When the movie finally chooses to show RoboCop, the entrance is just so well executed. His profile blurred by a translucent plastic window, him turning away from the camera, the cops running to get a good look… You couldn’t ask for a better entrance. And the thing is, RoboCop is a symbol of corporate greed manifested into a nightmare of titanium-covered brutality. And yet, we know he’s going to turn into the hero fighting the system. Nevermind that he’s technically in the system as deep as anybody could ever be.
RoboCop turning back into Murphy, or at least into what’s left of him, is a more painful and longer ordeal. He’s the ghost in the machine, the glitch that won’t completely go away. And yet he can’t quite remember who he is. His flashbacks are not full memories but only things he sees. “I can feel them,” he says about his wife and son. “But I cannot remember them.” The movie only gives us Robo’s flashbacks. We never get to see what Murphy’s home life was like. Perhaps, it wasn’t as idyllic as his flashbacks made it seem. We tend to romanticize the past.
When the visor finally comes off, we’re surprised to see Murphy’s face. Perhaps in a semblance of humanity, the doctors that operated him decided to leave him his face. I always made the wrong assumption about Dr. Tyler (Sage Parker) is the same character than Dr. Marie Lazarus (Jill Hennesy) which in the third movie is named as the scientist who created RoboCop. I think they were meant to be at some point.
In reality, only three characters make it on all three movies. Officer Anne Lewis (Nancy Allen), Sergeant Warren Reed (Robert DoQui), OCP Executive Johnson (Felton Perry) and newscaster Casey Wong (Mario Machado). Peter Weller got as far as the second movie, which he preferred to distance itself from after filming it. I can’t blame him. RoboCop 2, 3 and reboot Robocop (2014) didn’t have anything of substance to add. There are sparks here and there in the second film that barely amount to something. By the third film, the franchise was trying to become PG to appeal to wider audiences. The reboot is just more than a bit embarrassing to watch.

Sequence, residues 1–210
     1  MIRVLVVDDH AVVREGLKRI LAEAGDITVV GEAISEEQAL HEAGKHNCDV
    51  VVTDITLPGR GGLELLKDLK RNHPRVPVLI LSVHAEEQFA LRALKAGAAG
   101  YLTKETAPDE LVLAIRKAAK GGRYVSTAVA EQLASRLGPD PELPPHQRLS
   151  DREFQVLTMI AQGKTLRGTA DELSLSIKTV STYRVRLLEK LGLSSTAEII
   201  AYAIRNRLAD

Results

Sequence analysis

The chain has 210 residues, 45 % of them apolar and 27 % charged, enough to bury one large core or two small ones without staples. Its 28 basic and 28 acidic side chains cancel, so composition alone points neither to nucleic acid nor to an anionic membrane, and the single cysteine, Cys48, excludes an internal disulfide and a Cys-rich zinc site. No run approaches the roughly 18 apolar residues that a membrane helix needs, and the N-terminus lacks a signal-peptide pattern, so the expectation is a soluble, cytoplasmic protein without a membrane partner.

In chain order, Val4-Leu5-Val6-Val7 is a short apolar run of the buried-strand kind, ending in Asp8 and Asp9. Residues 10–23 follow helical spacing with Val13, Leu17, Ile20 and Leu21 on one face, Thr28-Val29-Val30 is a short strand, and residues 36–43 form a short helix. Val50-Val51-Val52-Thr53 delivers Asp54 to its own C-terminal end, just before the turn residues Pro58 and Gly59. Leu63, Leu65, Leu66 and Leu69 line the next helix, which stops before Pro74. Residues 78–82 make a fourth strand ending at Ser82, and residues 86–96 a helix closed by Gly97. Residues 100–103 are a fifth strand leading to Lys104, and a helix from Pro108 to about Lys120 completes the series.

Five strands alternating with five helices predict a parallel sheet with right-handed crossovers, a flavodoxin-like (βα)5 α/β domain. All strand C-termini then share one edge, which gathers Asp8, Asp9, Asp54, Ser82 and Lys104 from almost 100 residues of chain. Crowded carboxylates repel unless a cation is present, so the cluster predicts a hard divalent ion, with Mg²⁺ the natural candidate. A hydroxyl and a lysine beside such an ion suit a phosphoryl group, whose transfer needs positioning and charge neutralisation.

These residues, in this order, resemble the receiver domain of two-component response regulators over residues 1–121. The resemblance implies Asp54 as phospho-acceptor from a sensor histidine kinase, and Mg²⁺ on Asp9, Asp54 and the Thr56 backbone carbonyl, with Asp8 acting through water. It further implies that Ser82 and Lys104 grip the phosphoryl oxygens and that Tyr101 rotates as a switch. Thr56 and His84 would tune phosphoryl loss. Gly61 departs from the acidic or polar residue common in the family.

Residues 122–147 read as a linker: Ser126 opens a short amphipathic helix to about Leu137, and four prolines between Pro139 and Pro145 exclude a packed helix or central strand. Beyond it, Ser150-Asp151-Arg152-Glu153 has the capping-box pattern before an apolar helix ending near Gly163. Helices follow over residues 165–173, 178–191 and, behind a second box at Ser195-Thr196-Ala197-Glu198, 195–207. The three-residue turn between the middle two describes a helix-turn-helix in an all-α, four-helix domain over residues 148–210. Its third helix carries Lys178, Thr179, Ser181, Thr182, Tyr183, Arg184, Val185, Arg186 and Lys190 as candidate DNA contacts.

One of the biggest lessons of RoboCop that we seem to be unable to learn nowadays is to let go. Reboots, sequels that happen years after the original… They’re just pale shades of what the idea was. Sometimes it’s trying to revive the nostalgia of what worked before, but more than often it’s a cash grab. And yet, I’ve fallen for it sometimes. Look how it took so many Transformers films before getting a Bumblebee. A reboot of another franchise, Mad Max: Fury Road remains one of my favourite films. How many Hollywood studios will kill to have something close to the Marvel MCU. There’s literally no chance this nostalgia train is ending soon.
Highly recommended, even when some of the special effects are starting to show their age. It’s one of those lightning-in-a-bottle films that only really, truly struck once. As much as I like this film, it’s also one that I prefer to watch while ignoring its sequels. It really exists very much on the time that it was made, the late 80’s. Perhaps there truly is one worthy sequel/reboot/rehash in it, but otherwise it should work simply as inspiration for a new original story. After all, the writers wrote the script inspired by another movie: Blade Runner (1982).
That will do for now.